Niels I. Meyer, former Professor of Physics at the Technical University of Denmark and co-author of the book “Revolt from the Center” that presented a Danish Citizen’s Salary or Unconditional Basic Income (UBI) proposal in 1978. This UBI concept was closely coupled to a proposed reform of the Danish labour market abolishing all non-voluntary unemployment by a general sharing of available jobs. This UBI version may be called a “UBI freedom version”. In recent years, the expected penetration of robots and new forms of computers are foreseen to eliminate a large number of traditional jobs. In order to find a practical and cheap solution to this situation, a new concept of UBI has been promoted. This may be called a “UBI parking lot version” in the sense that people will have their freedom, but still be “parked” outside the labour market. Niels Meyer will discuss the consequences of this dilemma between two different conceptions of UBI.
Olli Kangas, professor and director of community relations at the research department of Kela, the Social Insurance Institution of Finland. He is doing research on comparative welfare studies, institutional set-ups of welfare programs, political and structural factors behind the development of welfare states. He has also been appointed head of a working group consisting of representatives from a number of universities, think tanks and other institutions, that is intended to carry out studies on the basic income pilots that are subsidised by the Finnish government and scheduled to begin in 2017.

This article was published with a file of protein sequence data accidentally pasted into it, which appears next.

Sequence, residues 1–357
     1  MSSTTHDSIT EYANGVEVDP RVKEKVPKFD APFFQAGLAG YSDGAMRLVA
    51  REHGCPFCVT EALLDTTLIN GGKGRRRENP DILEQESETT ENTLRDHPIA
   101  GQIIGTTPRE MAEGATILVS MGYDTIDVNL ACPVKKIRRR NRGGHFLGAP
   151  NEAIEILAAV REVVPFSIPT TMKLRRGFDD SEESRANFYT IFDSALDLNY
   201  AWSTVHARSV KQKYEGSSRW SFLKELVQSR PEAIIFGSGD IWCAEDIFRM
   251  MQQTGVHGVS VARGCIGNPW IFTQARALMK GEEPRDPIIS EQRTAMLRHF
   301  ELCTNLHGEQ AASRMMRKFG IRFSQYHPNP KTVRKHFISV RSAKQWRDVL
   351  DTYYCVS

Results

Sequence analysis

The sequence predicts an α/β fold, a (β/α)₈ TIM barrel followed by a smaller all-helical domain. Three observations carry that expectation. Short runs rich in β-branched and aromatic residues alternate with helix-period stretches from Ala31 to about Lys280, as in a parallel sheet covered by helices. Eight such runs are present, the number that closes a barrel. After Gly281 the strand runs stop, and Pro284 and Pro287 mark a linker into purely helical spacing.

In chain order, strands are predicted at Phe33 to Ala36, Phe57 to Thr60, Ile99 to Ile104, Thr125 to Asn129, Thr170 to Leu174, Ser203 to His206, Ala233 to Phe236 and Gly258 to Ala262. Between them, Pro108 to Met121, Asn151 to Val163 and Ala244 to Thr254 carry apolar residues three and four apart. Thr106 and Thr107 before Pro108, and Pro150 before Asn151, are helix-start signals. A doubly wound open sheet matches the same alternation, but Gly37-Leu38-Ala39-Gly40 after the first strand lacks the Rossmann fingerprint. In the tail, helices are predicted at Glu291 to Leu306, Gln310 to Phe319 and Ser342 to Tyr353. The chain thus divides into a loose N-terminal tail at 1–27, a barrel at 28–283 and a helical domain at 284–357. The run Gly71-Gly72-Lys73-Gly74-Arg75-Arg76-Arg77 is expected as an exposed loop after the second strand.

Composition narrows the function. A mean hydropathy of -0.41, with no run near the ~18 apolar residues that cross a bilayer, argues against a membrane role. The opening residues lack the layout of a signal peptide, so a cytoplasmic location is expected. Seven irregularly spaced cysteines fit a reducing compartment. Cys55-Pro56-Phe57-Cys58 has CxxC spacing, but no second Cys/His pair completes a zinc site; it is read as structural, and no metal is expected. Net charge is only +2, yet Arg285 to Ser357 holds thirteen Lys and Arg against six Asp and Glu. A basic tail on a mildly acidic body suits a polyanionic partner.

Sjir Hoeijmakers is an econometrician and member of the Dutch basic income movement, Vereniging Basisinkomen. Since the European Citizens Initiative for Unconditional Basic Income in 2013, he has successfully put forward a motion for basic income experiments at the national congress of the Dutch social liberal party and has been giving lectures on basic income throughout the Netherlands. He is also involved as an advisor and coordinator of basic income experiments in a number of Dutch cities. Sjir is crowdfunding his own basic income in order to be able to work full-time with the UBI pilots.
Thomas P. Boje is a professor in social science (welfare state and labour market) at the Department of Social Sciences, Roskilde University, Denmark. His research areas include topics such as the labour market, flexibility and diversity, inequality, objective and subjective life and work quality, paid vs unpaid work, the welfare state, citizenship and participation.
Torsten Gejl, Member of Parliament for the Alternative, journalist, former managing director of Open College Network, Denmark. Political spokesman for employment, social politics and the municipalities.
Uffe Elbæk, Member of Parliament for the Alternative and former Minister for Culture. Initiative-taker and political leader of The Alternative from 2013. Founder of the strategy company Change the Game and founder and former rector of the KaosPilots. Uffe has also worked as a journalist and columnist.